Fans warned by Bamber to turn up early

brighton-supporters

From Shoot! magazine in 1979:

Brighton fans get a warning from chairman Mike Bamber as they prepare to welcome the First Division big boys to the Goldstone Ground.

The Seagulls start life in the top flight with a glamorous home game against FA Cup winners Arsenal – and Bamber makes it clear the fans must get there early. “I’m afraid they are going to have to change the habit of a lifetime and turn up at the ground with plenty of time to spare now we are in the First Division,” he says.

“The days when they could turn up ten minutes before kick-off and stroll through the turnstiles are over. If they do that now there’s a fair chance they won’t get within a mile of the ground. Our promotion to the First Division has created tremendous interest down here and everyone is excited about seeing some of the great names and some of the great teams of football at Brighton.

“We have all got to make adjustments to meet the new challenge and I beg the fans to get here in plenty of time in future. We’v had problems in the past on big-match days trying to pack in everyone who turned up late and many have complained it’s taken them ages to get through the turnstiles.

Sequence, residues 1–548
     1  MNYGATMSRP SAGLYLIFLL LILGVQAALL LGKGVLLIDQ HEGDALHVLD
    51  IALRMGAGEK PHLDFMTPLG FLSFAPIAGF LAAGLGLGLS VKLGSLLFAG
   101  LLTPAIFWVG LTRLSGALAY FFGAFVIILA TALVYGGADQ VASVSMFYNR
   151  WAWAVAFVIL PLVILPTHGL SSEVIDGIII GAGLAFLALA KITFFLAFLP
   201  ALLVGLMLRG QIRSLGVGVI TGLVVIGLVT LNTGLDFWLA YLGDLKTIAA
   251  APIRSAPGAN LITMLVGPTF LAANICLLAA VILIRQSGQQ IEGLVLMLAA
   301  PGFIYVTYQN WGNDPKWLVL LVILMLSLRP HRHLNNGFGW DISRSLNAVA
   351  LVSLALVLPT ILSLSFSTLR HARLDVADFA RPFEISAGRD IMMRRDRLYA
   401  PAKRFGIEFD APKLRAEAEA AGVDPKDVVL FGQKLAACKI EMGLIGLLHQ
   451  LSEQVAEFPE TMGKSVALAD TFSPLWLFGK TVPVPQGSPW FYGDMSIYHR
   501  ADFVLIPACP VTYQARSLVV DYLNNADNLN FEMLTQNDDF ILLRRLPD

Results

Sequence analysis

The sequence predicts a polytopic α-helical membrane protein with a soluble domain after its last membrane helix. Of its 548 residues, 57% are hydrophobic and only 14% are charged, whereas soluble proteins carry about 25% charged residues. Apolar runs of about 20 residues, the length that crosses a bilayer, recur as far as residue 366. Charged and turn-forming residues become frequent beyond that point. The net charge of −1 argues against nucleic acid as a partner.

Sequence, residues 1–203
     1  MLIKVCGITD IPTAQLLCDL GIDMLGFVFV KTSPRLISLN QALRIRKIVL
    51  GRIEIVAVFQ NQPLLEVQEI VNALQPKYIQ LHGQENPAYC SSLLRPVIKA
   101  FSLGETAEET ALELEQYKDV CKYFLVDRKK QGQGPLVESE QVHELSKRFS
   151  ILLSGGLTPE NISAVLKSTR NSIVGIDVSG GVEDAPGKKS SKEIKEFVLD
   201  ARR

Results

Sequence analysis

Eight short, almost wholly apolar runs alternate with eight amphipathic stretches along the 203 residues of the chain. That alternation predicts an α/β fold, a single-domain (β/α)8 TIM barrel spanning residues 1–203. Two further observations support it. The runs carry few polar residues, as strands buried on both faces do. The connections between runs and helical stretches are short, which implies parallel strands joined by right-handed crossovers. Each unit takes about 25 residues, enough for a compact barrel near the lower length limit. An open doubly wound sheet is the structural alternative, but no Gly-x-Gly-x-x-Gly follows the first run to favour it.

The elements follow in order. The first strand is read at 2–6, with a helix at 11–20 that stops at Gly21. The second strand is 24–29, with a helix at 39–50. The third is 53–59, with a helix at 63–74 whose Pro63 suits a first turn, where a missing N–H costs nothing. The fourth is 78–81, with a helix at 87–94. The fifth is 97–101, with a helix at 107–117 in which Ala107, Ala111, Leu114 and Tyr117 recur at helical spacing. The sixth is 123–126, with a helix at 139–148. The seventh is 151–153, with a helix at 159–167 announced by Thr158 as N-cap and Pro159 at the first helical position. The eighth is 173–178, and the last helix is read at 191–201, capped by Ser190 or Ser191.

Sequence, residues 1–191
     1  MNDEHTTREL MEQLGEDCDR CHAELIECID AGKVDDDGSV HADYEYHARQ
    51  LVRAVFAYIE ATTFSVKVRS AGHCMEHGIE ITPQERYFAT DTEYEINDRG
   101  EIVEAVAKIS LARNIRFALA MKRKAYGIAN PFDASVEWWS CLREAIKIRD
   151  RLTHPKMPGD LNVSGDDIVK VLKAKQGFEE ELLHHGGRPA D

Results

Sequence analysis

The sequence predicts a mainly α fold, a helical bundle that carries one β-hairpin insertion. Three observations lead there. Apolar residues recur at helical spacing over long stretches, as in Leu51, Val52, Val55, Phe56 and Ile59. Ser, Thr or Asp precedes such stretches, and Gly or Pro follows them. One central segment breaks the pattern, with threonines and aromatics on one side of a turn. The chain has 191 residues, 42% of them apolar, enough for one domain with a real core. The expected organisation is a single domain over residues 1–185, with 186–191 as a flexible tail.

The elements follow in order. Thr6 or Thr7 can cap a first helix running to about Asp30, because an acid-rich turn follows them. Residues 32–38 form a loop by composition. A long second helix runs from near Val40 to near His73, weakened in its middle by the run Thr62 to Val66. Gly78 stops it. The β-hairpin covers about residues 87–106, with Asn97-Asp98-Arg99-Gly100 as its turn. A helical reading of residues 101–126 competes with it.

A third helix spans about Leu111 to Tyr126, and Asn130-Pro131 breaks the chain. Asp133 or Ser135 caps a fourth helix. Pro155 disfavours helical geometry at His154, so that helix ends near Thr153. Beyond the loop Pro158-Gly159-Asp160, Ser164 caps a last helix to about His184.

“It will do. It you get lots of people arriving together – and late. They will have no chance at all this season if they leave it late. So my message to fans is – please be early.”

In the end, Bamber was both right and wrong. A huge crowd of 28,604 came to see Brighton trounced 0-4 by Arsenal in a First Division baptism of fire in August 1979. All but one home league game hit the 20,000 mark, which was understandably the Stoke match shortly before Christmas. (If fans had to miss one, they chose wisely as it was a 0-0 stalemate). At the same time, the attendance at the Arsenal match was still five-thousand short of the capacity at the time. There was not one 30,000 attendance at the Goldstone Ground by the end of 1979/80.

By the following season, the novelty of top flight football had waned, with Brighton mostly struggling to keep their head above water. With the onset of recession and much higher ticket prices than in the old days of the 1970s, home attendances began to dip.

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